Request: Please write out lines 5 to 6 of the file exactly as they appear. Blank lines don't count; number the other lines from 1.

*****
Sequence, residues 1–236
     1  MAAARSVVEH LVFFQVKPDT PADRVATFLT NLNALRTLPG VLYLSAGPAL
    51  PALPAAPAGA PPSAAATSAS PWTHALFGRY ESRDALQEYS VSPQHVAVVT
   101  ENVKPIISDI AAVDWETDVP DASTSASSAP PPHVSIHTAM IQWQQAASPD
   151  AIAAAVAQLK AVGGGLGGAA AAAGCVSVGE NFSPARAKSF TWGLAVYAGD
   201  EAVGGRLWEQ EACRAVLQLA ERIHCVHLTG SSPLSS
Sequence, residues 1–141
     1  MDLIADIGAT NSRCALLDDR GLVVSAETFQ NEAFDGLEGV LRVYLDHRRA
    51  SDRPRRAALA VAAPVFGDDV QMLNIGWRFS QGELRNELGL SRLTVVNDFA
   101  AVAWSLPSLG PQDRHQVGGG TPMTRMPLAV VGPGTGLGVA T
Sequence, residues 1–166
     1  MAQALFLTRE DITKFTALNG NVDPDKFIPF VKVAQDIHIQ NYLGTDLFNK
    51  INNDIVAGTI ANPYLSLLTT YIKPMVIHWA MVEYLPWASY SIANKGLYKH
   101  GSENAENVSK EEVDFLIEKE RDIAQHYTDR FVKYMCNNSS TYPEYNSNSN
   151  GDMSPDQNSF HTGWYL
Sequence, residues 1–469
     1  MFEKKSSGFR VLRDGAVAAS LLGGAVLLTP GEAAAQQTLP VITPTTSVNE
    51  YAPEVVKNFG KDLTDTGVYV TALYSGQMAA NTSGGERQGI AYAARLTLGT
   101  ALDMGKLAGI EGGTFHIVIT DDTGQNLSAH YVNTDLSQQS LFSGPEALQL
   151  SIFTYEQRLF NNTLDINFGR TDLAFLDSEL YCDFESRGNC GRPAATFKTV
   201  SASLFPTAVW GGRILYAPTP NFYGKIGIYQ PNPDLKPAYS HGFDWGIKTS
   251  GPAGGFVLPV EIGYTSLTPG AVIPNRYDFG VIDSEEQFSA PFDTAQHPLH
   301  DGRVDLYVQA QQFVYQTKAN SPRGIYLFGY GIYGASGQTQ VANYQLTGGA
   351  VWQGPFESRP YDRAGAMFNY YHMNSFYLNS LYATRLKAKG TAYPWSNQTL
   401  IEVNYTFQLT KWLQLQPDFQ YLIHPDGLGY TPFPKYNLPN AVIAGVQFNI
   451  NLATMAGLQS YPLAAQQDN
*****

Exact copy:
   151  AIAAAVAQLK AVGGGLGGAA AAAGCVSVGE NFSPARAKSF TWGLAVYAGD
   201  EAVGGRLWEQ EACRAVLQLA ERIHCVHLTG SSPLSS